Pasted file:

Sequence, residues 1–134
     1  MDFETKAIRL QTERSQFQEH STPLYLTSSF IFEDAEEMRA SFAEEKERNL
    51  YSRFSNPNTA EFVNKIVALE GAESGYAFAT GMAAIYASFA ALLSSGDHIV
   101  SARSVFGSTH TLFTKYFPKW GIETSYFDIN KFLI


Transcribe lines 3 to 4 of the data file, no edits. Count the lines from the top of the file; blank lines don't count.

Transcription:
    51  YSRFSNPNTA EFVNKIVALE GAESGYAFAT GMAAIYASFA ALLSSGDHIV
   101  SARSVFGSTH TLFTKYFPKW GIETSYFDIN KFLI